Mexico Peso Drops as U.S. Budget Wrangling Damps Export Outlook
Mexico’s peso fell for a second day as concern mounted that U.S. politicians aren’t making headway on budget talks, damping the economic outlook for the chief destination of the Latin American country’s exports.
The currency dropped 0.2 percent to 13.0403 per U.S. dollar today in Mexico City. The peso is up 6.9 percent this year, still the best performance among the greenback’s 16 most-traded counterparts in 2012.
The currency slumped after Senate Majority Leader Harry Reid told reporters he was disappointed with the lack of progress lawmakers were making in reaching a deal to avoid $607 billion in tax increases and spending reductions set to begin in January. The Congressional Budget Office has said the so-called fiscal cliff could lead to a recession in the U.S., where Mexico sends about 80 percent of its exports.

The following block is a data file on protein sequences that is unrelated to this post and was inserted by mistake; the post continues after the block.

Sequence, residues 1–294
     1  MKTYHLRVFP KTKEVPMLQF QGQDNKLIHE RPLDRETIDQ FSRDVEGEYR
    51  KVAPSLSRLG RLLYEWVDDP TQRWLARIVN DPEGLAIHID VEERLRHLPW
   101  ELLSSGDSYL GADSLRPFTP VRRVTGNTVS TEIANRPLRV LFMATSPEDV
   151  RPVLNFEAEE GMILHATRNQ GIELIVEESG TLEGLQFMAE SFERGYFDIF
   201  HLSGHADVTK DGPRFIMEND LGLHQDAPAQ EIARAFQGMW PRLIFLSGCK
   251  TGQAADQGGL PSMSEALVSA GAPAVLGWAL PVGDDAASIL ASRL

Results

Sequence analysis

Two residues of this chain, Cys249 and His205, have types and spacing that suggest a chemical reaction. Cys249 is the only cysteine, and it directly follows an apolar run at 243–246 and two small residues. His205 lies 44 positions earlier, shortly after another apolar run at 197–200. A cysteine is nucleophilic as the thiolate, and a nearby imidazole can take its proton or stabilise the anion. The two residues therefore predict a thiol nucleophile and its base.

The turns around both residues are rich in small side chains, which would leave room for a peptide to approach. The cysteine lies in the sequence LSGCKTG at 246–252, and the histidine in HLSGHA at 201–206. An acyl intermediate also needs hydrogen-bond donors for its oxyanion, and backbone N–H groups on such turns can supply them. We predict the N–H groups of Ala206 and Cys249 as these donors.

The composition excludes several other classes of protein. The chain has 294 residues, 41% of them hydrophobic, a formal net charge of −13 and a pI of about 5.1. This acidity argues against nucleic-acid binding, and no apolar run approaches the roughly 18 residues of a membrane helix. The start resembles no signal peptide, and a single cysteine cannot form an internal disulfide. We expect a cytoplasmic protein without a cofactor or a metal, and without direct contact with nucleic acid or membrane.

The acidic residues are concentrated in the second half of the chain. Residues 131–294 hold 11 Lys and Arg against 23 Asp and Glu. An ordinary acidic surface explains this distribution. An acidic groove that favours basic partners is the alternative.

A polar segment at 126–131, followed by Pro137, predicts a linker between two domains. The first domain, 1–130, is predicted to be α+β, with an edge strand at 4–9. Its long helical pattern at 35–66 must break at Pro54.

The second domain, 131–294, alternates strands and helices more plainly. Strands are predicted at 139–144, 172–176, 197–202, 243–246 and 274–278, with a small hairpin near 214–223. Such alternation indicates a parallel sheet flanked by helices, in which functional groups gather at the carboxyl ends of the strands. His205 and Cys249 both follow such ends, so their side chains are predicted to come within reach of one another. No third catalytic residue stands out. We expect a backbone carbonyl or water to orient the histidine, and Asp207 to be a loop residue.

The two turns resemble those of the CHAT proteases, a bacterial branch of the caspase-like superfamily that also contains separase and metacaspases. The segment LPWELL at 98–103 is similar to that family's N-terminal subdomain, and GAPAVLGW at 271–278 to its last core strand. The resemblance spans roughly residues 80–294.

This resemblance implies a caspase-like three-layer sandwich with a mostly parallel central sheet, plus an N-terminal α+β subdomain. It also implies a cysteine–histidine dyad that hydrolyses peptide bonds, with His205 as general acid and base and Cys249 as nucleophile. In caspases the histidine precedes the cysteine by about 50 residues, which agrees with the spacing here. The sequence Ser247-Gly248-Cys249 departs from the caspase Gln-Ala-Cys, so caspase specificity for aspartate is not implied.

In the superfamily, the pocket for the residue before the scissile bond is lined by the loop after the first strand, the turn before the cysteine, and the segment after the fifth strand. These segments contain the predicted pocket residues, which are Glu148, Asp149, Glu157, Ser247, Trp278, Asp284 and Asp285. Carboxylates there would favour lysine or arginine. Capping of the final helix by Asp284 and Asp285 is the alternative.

“U.S. fiscal issues remain the most immediate risk to the global economic outlook, and the proverbial falling of the cliff would push the U.S. economy into a recession next year,” Aryam Vazquez, an economist at Wells Fargo & Co., said in an e-mailed message. “It’s that simple.”
Yields on Mexico’s peso bonds due in 2022 fell one basis point, or 0.01 percentage point, to 5.53 percent. The price increased 0.11 centavo to 107.19 centavos per peso.
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